Re: [ga] WLS
I seem to speak in riddles or foerign tongue (I know my typing is bad).
It is not the selling of an option, this is the selling of thin air.
options : the right to buy or sell the stock (=entity) at given price at
agreed moment in time
beartrading (see options almost identical again the rights to buy/selll are
sold it contains rights to an existing entity)
conditional contracts (insurance is such a contract according to law-terms)
same, IF the conditions is fullfilled a tangible entity is transferred
the point is: a deleted domain is no tangible entity
if i demolish the house (let's be radicale, we blow it up, pulverise it!) I
can sell the land, the insurance claim, a building right, the remaining trees
(if any) I can even sell "a" house to replace the old one (full filling an
earlire obligation perhaps) but I can and may not sell the house that was
blown up, main simple reason is the fact that is no longer exists
a deleted domain is deleted, that's it, end of the line, gone, no more, done
with, out of existence.
That is the meaning of deletion and that is the terms of the contracts with
ICANN, resale has not been mentioned, letting it live forever has nt been
mentioned; they are to delete the domain -eof-
so henceforth the interest in a new registration is what we are discussing.
and we are discussing the actions of the registry, not of any registrar with
aspirations. just the registry, since they propose the wls.
which company the registry runs is of a lesser importance, though it of
course is another clash of interests, though they will deny such.
If on the other hand we want to XFER the domain, THEN it is an entity,
however an entity with rights on it, and we can not exclude the current
On Friday 11 January 2002 4:20 pm, Patrick Corliss wrote:
> On Fri, 11 Jan 2002 14:14:06 +0000, Abel Wisman wrote:
> > I am sure the lawyers will point out that you can not sell something that
> > doesn't belong to you,
> Or, perhaps, buy something from sombody who doesn't own it to sell?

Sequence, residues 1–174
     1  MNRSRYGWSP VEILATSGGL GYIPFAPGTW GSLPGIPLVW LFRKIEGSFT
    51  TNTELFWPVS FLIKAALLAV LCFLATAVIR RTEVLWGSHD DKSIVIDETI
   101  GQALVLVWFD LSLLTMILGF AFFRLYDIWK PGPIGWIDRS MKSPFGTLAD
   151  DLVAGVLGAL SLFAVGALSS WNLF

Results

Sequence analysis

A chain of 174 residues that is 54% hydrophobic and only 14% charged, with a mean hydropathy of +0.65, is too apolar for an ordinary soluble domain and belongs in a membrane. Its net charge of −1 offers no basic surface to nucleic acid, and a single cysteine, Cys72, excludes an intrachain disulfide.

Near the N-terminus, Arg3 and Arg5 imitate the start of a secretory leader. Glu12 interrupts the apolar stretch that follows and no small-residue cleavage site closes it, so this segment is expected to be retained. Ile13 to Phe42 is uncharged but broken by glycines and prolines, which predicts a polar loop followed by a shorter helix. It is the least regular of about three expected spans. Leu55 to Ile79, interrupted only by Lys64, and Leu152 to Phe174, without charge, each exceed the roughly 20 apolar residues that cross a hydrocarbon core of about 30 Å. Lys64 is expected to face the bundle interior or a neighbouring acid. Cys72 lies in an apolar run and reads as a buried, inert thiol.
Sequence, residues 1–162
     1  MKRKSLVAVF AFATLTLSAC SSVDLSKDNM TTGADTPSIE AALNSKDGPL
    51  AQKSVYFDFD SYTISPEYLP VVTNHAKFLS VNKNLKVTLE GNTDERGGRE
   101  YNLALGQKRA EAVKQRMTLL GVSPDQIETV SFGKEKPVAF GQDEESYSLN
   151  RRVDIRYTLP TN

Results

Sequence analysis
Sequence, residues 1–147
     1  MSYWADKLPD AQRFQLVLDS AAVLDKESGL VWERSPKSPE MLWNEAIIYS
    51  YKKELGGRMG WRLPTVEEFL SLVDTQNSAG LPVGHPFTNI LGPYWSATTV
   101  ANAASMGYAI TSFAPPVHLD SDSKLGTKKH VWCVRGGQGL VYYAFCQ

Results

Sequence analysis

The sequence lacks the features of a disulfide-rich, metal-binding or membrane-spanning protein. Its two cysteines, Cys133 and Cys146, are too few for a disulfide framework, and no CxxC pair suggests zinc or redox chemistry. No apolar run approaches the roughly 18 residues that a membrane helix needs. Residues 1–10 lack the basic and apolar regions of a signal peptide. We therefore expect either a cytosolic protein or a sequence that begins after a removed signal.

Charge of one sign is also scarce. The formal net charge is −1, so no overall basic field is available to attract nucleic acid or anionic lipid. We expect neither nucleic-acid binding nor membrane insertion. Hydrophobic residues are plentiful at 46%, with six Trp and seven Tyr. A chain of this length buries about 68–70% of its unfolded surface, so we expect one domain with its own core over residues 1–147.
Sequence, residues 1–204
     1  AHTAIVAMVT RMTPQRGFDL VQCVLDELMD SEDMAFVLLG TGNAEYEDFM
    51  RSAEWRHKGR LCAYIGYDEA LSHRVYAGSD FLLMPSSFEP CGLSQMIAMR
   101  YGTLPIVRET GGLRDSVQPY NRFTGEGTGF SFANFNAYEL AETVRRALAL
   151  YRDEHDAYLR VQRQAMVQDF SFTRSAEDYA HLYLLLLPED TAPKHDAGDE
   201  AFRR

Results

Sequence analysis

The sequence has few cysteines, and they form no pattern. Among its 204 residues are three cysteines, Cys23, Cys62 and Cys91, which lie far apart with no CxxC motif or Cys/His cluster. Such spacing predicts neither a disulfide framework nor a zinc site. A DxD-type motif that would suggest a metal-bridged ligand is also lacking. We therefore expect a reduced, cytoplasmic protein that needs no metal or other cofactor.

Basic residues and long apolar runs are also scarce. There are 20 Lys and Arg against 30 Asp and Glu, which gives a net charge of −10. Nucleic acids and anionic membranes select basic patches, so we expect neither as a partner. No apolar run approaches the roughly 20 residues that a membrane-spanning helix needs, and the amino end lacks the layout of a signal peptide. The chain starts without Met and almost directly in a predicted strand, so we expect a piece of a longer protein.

> Well, yes you can, actually -- in the financial markets (and elsewhere)
> people do that stuff all the time. Let's take a couple of examples:
> Bear Trading. Normally people think in terms of buying stocks (aka shares)
> on the stock exchange. The person who is selling is expected to have them
> to sell. However, it is perfectly possible for a person to sell shares
> that they do not own. Of course, they must deliver shares on the due date
> (often a few days into the future) and they will have to buy them in the
> market on or before the delivery date. Naturally the seller hopes the
> price will go DOWN before they are required to buy them. That's sometimes
> known as "going bear".
> Options. Although not quite the same thing, "options" can be used.
> Options work both ways. You can have an option to buy and you can have an
> option to sell. For example, if I wanted to buy some property and didn't
> have the money, I could take out an option to buy. It is a genuine
> contract which is valid for a specified period of time. Basically, the
> owner of the property agrees not to sell the property to anybody else
> during that time.
> Conditional Contracts. There is nothing to stop someone from formulating a
> contract that is conditional on some event occurring. In a way, this is
> like insurance where the insurer agrees to pay you iff your house burns
> In our case, what these registrars are doing is much like insurance where
> they agree to register a domain name iff they manage to snap it up when it
> is deleted. There is nothing intrinsically wrong with that sort of
> approach and, despite what Joop says, there is really no obligation to
> inform the current registrant.
> In fact, you could make a case that a registrar who does NOT perfom the
> service might become popular with registrants who would rather not take
> what seems like an additional risk.
> > so unless the registry gains an unfair advantage on
> > the entire market by registering names at moment of deletion, thus using
> > their (public) systems to their own advantage, and then reselling them,
> > is nothing to sell.
> That's not really the problem. The problem arises because VeriSign is the
> > abel
office +44-20 84 24 24 2 2
mobile +44-78 12 14 19 16
www.able-towers.com for all your hosting and co-location at affordable prices
www.url.org domainregistrations, there is no better
www.grid9.net bandwidth sales, for high-grade solutions
www.telesave.net for the best rates on long distance calls
This message was passed to you via the email@example.com list.
Send mail to firstname.lastname@example.org to unsubscribe
("unsubscribe ga" in the body of the message).
Archives at http://www.dnso.org/archives.html